Sen. Richard & Rep. Joan Nass & Sen. Richard & Rep. Kim Rosen
By Mary Branham
Sometimes, when Maine Rep. Kim Rosen casts a vote, someone will head across the Capitol to the Senate chambers to tell her husband how she voted.
The same thing happens to Rep. Joan Nass.
But that really doesn’t bother the women, both of whom serve in the legislature with their husbands, both state senators and both named Richard.
Rosen said she and her husband are often of one mind in their politics—but not always. And even though they both serve from the same political party, the Rosens are independent in their thinking.
“He doesn’t want to sway me one way or another,” said Rep. Rosen, who replaced her husband in the House seat representing the Bucksport, Maine, area when he ran for the Maine state Senate.
Sen. Richard Rosen was apprehensive about how voters would react to having both his and his wife’s names on the ballot and “whether they would be concerned that that would be concentrated too much in one household.”
The Rosens have been re-elected twice. “The voters and constituents understood that even though we’re down there as a married couple, we both serve in our own right, and Kim and I will make independent decisions based on our views of the issue and what we see in the district,” he said.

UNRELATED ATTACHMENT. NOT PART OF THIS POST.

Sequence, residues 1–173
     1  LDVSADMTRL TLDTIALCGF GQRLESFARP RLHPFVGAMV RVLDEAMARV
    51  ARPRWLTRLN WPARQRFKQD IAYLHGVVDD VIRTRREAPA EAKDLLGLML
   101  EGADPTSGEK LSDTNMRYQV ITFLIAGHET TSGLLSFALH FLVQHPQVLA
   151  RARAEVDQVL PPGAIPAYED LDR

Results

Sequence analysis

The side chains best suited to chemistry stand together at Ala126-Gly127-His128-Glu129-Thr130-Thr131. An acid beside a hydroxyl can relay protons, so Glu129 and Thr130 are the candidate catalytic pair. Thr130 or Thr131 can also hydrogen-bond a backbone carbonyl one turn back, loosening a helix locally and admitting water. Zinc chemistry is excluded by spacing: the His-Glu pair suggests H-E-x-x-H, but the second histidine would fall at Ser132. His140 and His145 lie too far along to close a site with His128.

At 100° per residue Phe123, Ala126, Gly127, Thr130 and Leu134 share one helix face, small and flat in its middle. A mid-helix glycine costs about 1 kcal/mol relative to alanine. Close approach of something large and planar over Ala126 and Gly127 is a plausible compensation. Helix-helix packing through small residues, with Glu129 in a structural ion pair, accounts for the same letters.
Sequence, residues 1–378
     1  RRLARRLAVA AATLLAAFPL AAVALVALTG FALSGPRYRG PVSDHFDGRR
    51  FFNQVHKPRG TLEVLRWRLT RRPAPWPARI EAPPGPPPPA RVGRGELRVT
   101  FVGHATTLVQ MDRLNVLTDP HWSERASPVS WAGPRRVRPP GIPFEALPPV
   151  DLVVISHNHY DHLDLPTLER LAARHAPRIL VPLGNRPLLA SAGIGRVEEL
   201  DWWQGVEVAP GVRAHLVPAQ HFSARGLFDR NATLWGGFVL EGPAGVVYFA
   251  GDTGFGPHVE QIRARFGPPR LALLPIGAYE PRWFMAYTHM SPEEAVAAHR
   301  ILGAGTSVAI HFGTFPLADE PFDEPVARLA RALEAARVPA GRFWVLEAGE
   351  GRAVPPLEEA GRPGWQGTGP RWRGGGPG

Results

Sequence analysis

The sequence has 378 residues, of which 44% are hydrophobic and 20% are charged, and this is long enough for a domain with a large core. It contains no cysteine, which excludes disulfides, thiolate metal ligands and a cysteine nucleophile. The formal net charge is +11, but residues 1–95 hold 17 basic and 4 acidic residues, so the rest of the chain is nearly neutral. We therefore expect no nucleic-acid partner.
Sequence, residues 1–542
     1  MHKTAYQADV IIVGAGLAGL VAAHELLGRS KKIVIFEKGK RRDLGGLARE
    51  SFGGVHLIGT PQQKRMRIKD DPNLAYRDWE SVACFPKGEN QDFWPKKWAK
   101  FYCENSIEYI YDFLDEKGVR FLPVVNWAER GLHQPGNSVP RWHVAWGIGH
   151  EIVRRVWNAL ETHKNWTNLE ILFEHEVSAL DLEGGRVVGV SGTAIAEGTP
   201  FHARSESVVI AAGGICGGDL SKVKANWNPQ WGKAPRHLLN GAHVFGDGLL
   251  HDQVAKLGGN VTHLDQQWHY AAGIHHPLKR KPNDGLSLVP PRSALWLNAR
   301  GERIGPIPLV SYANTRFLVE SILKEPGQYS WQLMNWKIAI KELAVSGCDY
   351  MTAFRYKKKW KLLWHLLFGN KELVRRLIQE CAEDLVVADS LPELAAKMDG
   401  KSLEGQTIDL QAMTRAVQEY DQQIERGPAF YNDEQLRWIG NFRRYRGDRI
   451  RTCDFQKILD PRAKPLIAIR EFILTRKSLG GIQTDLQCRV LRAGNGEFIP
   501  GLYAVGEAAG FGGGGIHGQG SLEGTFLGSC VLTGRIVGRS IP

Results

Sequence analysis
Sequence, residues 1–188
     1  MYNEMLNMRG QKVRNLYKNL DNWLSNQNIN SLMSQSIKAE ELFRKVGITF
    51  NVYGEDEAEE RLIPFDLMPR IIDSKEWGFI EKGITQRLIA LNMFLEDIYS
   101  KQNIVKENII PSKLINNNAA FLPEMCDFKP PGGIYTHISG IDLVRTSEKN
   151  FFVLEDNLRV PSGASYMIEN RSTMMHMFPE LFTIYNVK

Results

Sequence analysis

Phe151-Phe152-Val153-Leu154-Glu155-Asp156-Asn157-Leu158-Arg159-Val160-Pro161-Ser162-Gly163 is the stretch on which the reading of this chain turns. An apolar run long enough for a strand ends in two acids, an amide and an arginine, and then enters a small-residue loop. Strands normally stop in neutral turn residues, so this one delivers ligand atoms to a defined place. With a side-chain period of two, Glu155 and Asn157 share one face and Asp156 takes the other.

Maine legislators are term-limited, which often prompts a move from one chamber to another for lawmakers who find they truly enjoy public service, as was the case for both Sen. Nass and Sen. Rosen. After their service in the House was term-limited, the men ran for seats in the Senate when they came open.
The wives took a little convincing.
Joan Nass, for instance, wasn’t always interested in politics. But with a husband and son constantly talking politics, she started getting a little more interested—just so she could be part of the conversation.
Then came an eye-opening experience.
“I was teaching home ec and my program was cut,” she said. “I decided I had a way to make sure the children in our state had the opportunity to take home ec, which is now called family and consumer sciences.”
The desire to ensure the class was available to students, and her interest in veterans’ issues prompted Joan Nass to run for state representative.
Kim Rosen had just a short time to decide if she wanted to replace her husband when he tossed his hat in the ring for the Senate. Richard Rosen had just completed his third term as state representative and was prepared to run for his fourth when the Republican running for Senate pulled out of the race in the summer and asked Rosen to run.
When Richard Rosen agreed to run for the Senate instead, a group approached his wife to see if she would be willing to run as a house candid.
“I had about 24 hours to decide if I was going to run or not, so I was scared to death,” Kim Rosen said.
The couple’s two children were grown, and Kim Rosen was going to be home alone. She had helped her husband the previous six years so she knew a lot about what was going on in her state.
“I said I will jump off this cliff and I’ve loved every minute of it,” she said.
So the couple had to pull together two campaigns in a very short period of time. But they’re glad they did.